This year, I successfully sought assistance from the Ronald E. McNair Program, Boeing Research Scholarship, and Washington Research Foundation Fellowship. They are financially supporting my research, graduate school pursuit, and will publish my work at the end of the year. The McNair Program also selected me to present my work at the Annual National McNair Research Conference. The project I am currently working on hinges on the fact that Pseudomonas aeruginosa bacterial infections are a common problem in immune-deficient patients, such as cancer patients, burn victims, and cystic fibrosis patients. Treating these infections usually involves using an aminoglycosidic antibiotic, such as neomycin. Unfortunately, the range between effective treatment and toxicity is narrow. Patients treated long-term often experience renal failure and deafness. My research goal is to develop the fruit fly as a model to understand the effects of neomycin toxicity and to identify genes whose altered expression can help resist the side effects of this drug. In order to develop this model, I have established a dose-response curve of neomycin concentration to survivorship. I am currently creating a strain of flies that will express neomycin resistance in targetable tissues. I will systematically drive this antibiotic resistance gene through various tissues in the flies, which will allow me to determine where the gene is essential for survival. Finally, I will perform a genetic screen by knocking down expression of genes potentially involved in aiding aminoglycoside toxicity. Results from this study may be used to ameliorate side effects of the current drug or to facilitate development of a new drug with reduced side effects.
My parents' lack of college degrees, the loss of my brother, and the financial hardships we have faced drive me to attain the highest educational degree I can in order to prove to myself and others that class and hardships are not barriers to the attainment of a doctorate degree. My experience in undergraduate research has opened my eyes to the persistence required to reach conclusions to complex questions, bringing textbook experiments to life and solidifying techniques learned in the classroom, which has confirmed my desire to pursue graduate studies. After obtaining my doctorate, I will pursue a career in academia where I can both pursue my research interests and teach others about my passion. During my HHMI Internship, I was inspired by the eagerness and excitement of HHMI Fellows (undergraduates not yet involved in research) when I discussed my project with them, recounted how I got involved in research, and guided them through my lab.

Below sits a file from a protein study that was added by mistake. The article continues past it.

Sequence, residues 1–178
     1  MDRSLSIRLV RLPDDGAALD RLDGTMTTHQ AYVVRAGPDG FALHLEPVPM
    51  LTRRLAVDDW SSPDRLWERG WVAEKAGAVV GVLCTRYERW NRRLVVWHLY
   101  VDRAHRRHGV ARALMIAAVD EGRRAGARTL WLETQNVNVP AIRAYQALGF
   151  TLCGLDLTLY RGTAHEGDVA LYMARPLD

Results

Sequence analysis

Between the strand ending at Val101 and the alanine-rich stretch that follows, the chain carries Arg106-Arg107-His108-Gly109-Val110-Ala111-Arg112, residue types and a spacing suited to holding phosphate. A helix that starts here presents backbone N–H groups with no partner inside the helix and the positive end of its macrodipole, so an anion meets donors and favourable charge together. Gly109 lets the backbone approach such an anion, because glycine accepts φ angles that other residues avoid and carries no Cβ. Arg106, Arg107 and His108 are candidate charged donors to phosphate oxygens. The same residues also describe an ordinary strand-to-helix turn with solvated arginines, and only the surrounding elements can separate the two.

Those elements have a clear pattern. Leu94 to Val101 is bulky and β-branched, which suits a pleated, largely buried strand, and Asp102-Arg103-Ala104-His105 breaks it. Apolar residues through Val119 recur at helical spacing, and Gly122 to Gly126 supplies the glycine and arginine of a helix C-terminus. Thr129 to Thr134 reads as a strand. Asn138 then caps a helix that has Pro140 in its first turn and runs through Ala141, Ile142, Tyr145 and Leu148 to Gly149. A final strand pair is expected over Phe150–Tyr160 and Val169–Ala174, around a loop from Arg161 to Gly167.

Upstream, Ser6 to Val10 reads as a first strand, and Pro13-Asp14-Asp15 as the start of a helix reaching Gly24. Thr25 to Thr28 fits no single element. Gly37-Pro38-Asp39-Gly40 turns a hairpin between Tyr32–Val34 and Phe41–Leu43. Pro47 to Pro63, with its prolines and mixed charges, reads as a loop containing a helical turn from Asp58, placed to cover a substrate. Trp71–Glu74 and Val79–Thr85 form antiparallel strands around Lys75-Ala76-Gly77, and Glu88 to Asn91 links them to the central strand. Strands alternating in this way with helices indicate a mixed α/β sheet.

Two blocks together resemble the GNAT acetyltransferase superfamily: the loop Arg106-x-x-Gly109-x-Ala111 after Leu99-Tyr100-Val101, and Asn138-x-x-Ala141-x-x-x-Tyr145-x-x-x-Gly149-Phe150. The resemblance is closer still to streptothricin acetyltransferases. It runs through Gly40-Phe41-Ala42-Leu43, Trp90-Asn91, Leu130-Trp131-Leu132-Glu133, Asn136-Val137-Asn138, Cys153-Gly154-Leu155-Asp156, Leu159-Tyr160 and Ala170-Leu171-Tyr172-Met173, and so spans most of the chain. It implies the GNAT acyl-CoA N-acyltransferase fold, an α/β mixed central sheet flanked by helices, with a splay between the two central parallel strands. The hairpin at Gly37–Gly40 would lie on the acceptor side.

Stanford University's Biosciences program, specifically the genetics department, is the optimal setting to pursue my research interests for a number of reasons. The cross-disciplinary nature of the Biosciences program, containing 13 departments, would satiate my desire to pursue a graduate research project that draws from my varied skills, which range from engineering to genetics. Furthermore, Stanford's collaboration with peer institutions such as UCSF, Berkeley, and UCSC ensures a frequent exchange of fresh ideas, creating a dynamic group of scientists. Finally, Stanford is ideal for my graduate studies because several researchers' interests within the genetics department parallel my own. Prof. Julie Baker's lab is interesting to me because cell fate and signaling played a large role in my research project over the last year, during which I studied tubulogenesis. Prof. Andrew Fire's lab is interesting because they study RNAi, a system I am currently using and would be interested in understanding at the molecular level. Prof. Mark Kay's lab sparks the interest that brought me into genetics to start with by looking at new delivery systems for genetic therapies. There are also many other labs that are appealing at Stanford, and I think I would both benefit from and be an asset to this department.
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The University of Washington McNair Scholars Program is a TRIO Program funded by the United States Department of Education, and the University of Washington, and the UW Office of Minority Affairs and Diversity(OMAD).